Visible to the public Biblio

Filters: Author is Clark, A.  [Clear All Filters]
2019-03-28
Sahabandu, D., Xiao, B., Clark, A., Lee, S., Lee, W., Poovendran, R..  2018.  DIFT Games: Dynamic Information Flow Tracking Games for Advanced Persistent Threats. 2018 IEEE Conference on Decision and Control (CDC). :1136-1143.
Dynamic Information Flow Tracking (DIFT) has been proposed to detect stealthy and persistent cyber attacks that evade existing defenses such as firewalls and signature-based antivirus systems. A DIFT defense taints and tracks suspicious information flows across the network in order to identify possible attacks, at the cost of additional memory overhead for tracking non-adversarial information flows. In this paper, we present the first analytical model that describes the interaction between DIFT and adversarial information flows, including the probability that the adversary evades detection and the performance overhead of the defense. Our analytical model consists of a multi-stage game, in which each stage represents a system process through which the information flow passes. We characterize the optimal strategies for both the defense and adversary, and derive efficient algorithms for computing the strategies. Our results are evaluated on a realworld attack dataset obtained using the Refinable Attack Investigation (RAIN) framework, enabling us to draw conclusions on the optimal adversary and defense strategies, as well as the effect of valid information flows on the interaction between adversary and defense.
2015-04-30
Lee, P., Clark, A., Bushnell, L., Poovendran, R..  2014.  A Passivity Framework for Modeling and Mitigating Wormhole Attacks on Networked Control Systems. Automatic Control, IEEE Transactions on. 59:3224-3237.

Networked control systems consist of distributed sensors and actuators that communicate via a wireless network. The use of an open wireless medium and unattended deployment leaves these systems vulnerable to intelligent adversaries whose goal is to disrupt the system performance. In this paper, we study the wormhole attack on a networked control system, in which an adversary establishes a link between two geographically distant regions of the network by using either high-gain antennas, as in the out-of-band wormhole, or colluding network nodes as in the in-band wormhole. Wormholes allow the adversary to violate the timing constraints of real-time control systems by first creating low-latency links, which attract network traffic, and then delaying or dropping packets. Since the wormhole attack reroutes and replays valid messages, it cannot be detected using cryptographic mechanisms alone. We study the impact of the wormhole attack on the network flows and delays and introduce a passivity-based control-theoretic framework for modeling and mitigating the wormhole attack. We develop this framework for both the in-band and out-of-band wormhole attacks as well as complex, hereto-unreported wormhole attacks consisting of arbitrary combinations of in-and out-of band wormholes. By integrating existing mitigation strategies into our framework, we analyze the throughput, delay, and stability properties of the overall system. Through simulation study, we show that, by selectively dropping control packets, the wormhole attack can cause disturbances in the physical plant of a networked control system, and demonstrate that appropriate selection of detection parameters mitigates the disturbances due to the wormhole while satisfying the delay constraints of the physical system.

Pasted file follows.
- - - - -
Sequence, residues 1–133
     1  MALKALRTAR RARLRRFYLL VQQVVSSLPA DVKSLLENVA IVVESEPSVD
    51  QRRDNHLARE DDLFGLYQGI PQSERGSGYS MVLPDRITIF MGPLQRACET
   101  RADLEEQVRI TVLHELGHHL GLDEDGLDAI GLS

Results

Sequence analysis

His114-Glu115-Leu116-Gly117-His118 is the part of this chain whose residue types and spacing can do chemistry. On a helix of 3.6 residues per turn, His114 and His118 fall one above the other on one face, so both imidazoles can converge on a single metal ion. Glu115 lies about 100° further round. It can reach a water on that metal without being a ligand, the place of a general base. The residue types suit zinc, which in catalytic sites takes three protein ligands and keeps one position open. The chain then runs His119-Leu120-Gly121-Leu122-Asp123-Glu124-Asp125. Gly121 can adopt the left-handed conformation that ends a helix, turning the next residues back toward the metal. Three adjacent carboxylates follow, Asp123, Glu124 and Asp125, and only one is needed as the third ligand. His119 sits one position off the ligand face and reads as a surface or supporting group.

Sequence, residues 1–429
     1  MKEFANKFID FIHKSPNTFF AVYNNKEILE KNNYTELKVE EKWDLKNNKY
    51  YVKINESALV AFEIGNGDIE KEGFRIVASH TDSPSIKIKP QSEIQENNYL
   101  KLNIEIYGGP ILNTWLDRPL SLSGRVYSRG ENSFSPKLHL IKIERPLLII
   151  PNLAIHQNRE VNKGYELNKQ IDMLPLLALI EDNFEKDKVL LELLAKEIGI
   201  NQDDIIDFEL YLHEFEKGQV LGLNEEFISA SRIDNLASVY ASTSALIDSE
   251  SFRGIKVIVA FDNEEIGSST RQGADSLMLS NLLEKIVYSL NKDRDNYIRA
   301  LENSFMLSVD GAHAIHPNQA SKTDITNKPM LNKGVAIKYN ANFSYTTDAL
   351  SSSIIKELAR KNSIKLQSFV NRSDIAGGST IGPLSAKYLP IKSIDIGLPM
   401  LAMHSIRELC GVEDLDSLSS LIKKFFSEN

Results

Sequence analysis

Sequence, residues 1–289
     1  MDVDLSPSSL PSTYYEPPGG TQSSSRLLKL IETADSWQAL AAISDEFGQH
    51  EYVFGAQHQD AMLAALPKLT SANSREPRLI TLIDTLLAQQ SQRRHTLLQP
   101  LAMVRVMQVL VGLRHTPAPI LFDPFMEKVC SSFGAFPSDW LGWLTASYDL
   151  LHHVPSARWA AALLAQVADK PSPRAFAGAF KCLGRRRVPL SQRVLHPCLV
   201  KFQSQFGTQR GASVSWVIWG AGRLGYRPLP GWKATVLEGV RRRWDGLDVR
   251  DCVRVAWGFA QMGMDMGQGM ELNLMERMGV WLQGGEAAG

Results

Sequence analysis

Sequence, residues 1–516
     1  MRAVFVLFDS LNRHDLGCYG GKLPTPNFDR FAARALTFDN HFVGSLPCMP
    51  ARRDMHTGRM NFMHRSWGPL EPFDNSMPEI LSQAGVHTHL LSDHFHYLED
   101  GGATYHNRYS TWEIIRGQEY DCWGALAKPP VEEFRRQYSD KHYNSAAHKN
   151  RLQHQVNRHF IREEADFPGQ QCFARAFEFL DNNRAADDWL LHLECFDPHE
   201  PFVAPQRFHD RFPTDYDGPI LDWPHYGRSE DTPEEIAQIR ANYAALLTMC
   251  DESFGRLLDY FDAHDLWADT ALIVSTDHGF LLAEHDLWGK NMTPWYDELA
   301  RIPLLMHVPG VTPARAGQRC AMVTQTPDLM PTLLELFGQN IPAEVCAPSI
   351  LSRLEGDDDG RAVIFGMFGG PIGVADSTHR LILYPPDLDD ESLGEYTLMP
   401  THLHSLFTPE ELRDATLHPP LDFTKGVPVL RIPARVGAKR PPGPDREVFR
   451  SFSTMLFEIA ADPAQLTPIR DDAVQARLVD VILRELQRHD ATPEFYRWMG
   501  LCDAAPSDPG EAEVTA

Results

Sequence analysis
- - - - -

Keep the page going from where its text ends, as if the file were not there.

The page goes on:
Lee, P., Clark, A., Bushnell, L., Poovendran, R..  2014.  A Passivity Framework for Modeling and Mitigating Wormhole Attacks on Networked Control Systems. Automatic Control, IEEE Transactions on. 59:3224-3237.

Networked control systems consist of distributed sensors and actuators that communicate via a wireless network. The use of an open wireless medium and unattended deployment leaves these systems vulnerable to intelligent adversaries whose goal is to disrupt the system performance. In this paper, we study the wormhole attack on a networked control system, in which an adversary establishes a link between two geographically distant regions of the network by using either high-gain antennas, as in the out-of-band wormhole, or colluding network nodes as in the in-band wormhole. Wormholes allow the adversary to violate the timing constraints of real-time control systems by first creating low-latency links, which attract network traffic, and then delaying or dropping packets. Since the wormhole attack reroutes and replays valid messages, it cannot be detected using cryptographic mechanisms alone. We study the impact of the wormhole attack on the network flows and delays and introduce a passivity-based control-theoretic framework for modeling and mitigating the wormhole attack. We develop this framework for both the in-band and out-of-band wormhole attacks as well as complex, hereto-unreported wormhole attacks consisting of arbitrary combinations of in-and out-of band wormholes. By integrating existing mitigation strategies into our framework, we analyze the throughput, delay, and stability properties of the overall system. Through simulation study, we show that, by selectively dropping control packets, the wormhole attack can cause disturbances in the physical plant of a networked control system, and demonstrate that appropriate selection of detection parameters mitigates the disturbances due to the wormhole while satisfying the delay constraints of the physical system.